Sound/Music Therapy

by | Sep 20, 2022 | Issue 156, Issues | 0 comments

Have you ever thought about whether sounds or music could aid in healing your body? Sound therapy is an effective and increasingly popular way to improve overall health and well-being....

Have you ever thought about whether sounds or music could aid in healing your body?

Sound therapy is an effective and increasingly popular way to improve overall health and well-being. From sound baths to music therapy, there are many ways to use sound for its healing properties.

Sound therapy can reduce anxiety, improve sleep quality and manage pain when used to its full potential. As a result, hospitals and other healthcare settings are increasing their use of sound therapy to support patients during their recovery.

The history of sound and music therapy dates back thousands of years, when ancient cultures used music and sound for healing purposes. Today, sound therapy is regaining its pristine popularity as a complementary and alternative medicine (CAM) approach.

There are many different types of sound therapy, each with its unique benefits.  


Binaural Beats

Binaural beats are your brain’s illusive perception of two different frequencies being played in each ear, thus creating a third frequency in the middle of the two. For example, if the left ear picks up a tone at 210 Hz and the right ear picks up a tone at 200 Hz, the binaural beat is 10 Hz, the difference between the two frequencies. The binaural pulse is an illusion created by your brain rather than an actual audible sound heard by your ears.

The pulsing tone perceived by your brain causes your brainwaves to synchronize with the tone’s frequency, an effect called brainwave entrainment.

The effects of this therapy are still not fully understood, but decades of research have uncovered several benefits, such as stress relief, sleep disorder amelioration and focus improvements. Binaural beats are often used for meditation or relaxation, but they have also been found to help with insomnia, anxiety and PTSD. In addition, the 40 Hz or gamma wave binaural beat has been shown to promote focus and concentration alongside improvements in memory. Subjects were shown to have improvements after even just 3 minutes of exposure. 


Sound Baths

A sound bath is a type of therapy that uses sound to heal the body, mind and soul. It’s a relaxing session where you lie down on your back and listen to sounds from bells, gongs, singing bowls and other instruments for about an hour, typically after a yoga session or as a one-time event.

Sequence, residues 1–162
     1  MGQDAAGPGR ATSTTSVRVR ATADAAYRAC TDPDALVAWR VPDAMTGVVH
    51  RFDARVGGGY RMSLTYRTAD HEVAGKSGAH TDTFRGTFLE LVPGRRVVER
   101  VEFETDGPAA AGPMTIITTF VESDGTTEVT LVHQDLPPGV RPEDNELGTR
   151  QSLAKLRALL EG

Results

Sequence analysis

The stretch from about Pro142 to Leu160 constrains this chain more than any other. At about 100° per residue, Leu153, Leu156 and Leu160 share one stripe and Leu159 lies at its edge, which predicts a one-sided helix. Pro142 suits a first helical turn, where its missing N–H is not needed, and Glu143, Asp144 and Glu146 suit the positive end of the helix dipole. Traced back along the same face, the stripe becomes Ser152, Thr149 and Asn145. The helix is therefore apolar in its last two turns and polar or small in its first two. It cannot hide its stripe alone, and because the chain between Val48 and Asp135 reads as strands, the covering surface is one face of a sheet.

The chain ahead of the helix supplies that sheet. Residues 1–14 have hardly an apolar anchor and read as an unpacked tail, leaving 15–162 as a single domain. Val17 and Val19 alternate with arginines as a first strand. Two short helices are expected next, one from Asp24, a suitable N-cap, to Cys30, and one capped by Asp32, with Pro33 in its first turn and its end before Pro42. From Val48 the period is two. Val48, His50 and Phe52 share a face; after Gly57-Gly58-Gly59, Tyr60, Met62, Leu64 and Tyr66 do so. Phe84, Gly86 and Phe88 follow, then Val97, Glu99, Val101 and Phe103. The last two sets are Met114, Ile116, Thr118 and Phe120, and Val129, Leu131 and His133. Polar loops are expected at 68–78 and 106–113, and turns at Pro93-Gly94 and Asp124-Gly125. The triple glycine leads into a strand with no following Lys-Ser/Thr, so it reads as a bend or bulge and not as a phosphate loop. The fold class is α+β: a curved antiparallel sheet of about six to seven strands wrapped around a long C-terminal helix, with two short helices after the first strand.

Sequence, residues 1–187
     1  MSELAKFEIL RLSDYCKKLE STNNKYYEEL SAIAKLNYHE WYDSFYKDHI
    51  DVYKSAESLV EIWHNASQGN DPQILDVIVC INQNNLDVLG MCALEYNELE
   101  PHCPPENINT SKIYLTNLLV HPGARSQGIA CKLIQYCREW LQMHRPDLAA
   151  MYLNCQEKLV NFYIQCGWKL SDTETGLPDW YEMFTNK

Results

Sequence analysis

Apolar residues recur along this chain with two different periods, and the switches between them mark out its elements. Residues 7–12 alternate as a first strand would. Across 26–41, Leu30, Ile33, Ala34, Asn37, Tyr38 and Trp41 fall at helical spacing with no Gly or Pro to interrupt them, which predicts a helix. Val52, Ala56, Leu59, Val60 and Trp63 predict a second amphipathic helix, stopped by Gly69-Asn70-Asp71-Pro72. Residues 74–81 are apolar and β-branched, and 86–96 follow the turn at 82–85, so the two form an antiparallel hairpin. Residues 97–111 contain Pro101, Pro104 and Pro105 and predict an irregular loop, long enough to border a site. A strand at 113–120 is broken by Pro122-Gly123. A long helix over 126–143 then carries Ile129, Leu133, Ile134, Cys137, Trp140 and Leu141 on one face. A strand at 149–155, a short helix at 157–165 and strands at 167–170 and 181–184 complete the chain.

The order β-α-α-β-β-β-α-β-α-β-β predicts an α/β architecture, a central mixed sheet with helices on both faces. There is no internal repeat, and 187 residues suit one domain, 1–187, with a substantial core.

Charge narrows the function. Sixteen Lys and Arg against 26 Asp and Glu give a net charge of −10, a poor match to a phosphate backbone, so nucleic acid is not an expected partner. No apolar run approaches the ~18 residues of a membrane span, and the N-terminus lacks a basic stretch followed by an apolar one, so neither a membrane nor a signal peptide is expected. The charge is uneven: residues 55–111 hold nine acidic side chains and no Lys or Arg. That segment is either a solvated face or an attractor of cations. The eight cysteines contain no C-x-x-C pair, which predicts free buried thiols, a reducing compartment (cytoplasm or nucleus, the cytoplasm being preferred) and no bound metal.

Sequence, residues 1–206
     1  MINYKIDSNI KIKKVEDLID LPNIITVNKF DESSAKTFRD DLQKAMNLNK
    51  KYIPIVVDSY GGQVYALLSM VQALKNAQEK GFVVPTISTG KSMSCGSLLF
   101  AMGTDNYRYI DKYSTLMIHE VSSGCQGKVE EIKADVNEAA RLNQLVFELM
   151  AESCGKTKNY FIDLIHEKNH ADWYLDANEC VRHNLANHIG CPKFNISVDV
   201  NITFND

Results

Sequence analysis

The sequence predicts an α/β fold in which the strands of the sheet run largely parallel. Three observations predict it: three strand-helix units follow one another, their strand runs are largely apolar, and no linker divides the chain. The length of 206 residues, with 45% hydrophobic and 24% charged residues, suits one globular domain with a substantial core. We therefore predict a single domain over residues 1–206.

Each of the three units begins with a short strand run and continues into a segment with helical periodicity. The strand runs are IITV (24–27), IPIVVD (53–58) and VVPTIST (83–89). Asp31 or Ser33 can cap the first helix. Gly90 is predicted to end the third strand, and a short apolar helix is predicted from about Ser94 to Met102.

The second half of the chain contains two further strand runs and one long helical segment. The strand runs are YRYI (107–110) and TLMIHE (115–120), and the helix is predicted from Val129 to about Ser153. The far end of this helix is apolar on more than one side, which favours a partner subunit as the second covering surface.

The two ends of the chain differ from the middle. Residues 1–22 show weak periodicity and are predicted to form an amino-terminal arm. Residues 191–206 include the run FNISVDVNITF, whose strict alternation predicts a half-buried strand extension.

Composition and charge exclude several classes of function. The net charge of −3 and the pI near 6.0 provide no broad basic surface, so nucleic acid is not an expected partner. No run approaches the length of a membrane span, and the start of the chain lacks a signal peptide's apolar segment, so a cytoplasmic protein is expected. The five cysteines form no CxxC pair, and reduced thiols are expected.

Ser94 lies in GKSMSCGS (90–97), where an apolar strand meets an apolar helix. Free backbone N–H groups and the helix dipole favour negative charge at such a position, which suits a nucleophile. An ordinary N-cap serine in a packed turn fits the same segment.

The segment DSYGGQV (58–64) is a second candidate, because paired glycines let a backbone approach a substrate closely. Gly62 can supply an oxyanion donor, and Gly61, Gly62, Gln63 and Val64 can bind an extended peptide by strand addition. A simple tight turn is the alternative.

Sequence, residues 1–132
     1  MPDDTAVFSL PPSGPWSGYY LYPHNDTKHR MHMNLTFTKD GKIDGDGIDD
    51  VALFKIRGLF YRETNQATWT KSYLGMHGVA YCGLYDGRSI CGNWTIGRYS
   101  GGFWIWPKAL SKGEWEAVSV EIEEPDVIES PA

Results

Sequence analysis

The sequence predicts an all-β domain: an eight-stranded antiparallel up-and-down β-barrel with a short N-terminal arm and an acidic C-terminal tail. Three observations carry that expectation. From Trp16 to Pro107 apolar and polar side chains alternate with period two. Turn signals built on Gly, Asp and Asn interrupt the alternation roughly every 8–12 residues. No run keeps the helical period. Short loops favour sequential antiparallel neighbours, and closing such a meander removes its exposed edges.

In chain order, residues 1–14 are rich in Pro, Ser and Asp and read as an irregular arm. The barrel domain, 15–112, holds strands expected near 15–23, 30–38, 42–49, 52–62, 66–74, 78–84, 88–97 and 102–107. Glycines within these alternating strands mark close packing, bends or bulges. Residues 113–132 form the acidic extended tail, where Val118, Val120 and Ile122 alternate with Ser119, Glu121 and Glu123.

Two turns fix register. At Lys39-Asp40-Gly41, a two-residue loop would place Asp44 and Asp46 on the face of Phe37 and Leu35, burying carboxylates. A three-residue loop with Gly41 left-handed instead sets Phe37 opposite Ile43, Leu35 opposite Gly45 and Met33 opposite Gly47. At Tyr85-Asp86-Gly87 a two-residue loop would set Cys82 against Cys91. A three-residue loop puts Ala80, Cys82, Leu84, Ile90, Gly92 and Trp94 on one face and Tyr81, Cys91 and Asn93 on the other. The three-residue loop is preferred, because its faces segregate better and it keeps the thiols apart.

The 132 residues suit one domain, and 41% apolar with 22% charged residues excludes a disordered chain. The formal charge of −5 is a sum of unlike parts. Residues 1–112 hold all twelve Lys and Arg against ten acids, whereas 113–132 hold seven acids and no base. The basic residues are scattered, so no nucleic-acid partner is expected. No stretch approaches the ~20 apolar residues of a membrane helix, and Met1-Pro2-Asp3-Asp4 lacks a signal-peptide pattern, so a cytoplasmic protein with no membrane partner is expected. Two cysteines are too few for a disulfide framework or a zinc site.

Singing bowls for sound baths use vibrational frequencies to promote healing. The bowls are made of metal or crystal, producing a resonant sound when struck with a mallet. The sound waves produced by the bowl can help the body relax and rejuvenate. 

Sound baths are gaining popularity as a way to relax and de-stress, as they help promote relaxation and stress relief. A 2020 research review reiterated the positive effects but cautioned about the small number of studies on sound baths and their potential risk of methodological bias. 


Music Therapy

Another popular type of sound therapy is music therapy, which people use to help their bodies heal from physical, emotional and mental traumas. 

Music therapy uses multiple techniques to achieve its benefits. These include listening to music, playing instruments and singing. The therapist will work with the patient to find the best approach for their needs.

Music is beneficial for reducing stress, improving moods and helping people cope with anxiety and depression. A study from Mcgill University has shown that listening to music was more effective than taking prescription drugs in reducing anxiety before surgery.

Music is also beneficial for those who are ill or recovering from surgery by reducing pain, anxiety and stress and promoting healthy recovery. A study from Brunel University in London has shown that music therapy can reduce both pain and anxiety in patients recovering from surgery. 

Music therapy can be a salutary avenue for people struggling with addiction. Studies have shown that music therapy help reduce cravings and withdrawal symptoms in people trying to quit drugs or alcohol. Music therapy also helps people struggling with addiction by providing a positive outlet for emotions and helping them to cope with stress. It is the ideal channel for expressing feelings and achieving more profound levels of relaxation. 

The benefits of music therapy break the barriers of age. Research has shown that singing is better for calming babies down than talking. Babies are more relaxed and engaged when they hear their parents sing rather than talk. Singing also helps them develop their language skills and their ability to understand music and rhythm.


A Parting Reminder

If you’re looking for a natural way to reduce stress and promote healing, sound therapy may be right for you. And if you’re wondering where to start, there are plenty of binaural beats available on the Internet that might resonate with you. However, it is best to look for qualified, professional music therapists for sound baths and music therapy.

Peter C

Peter C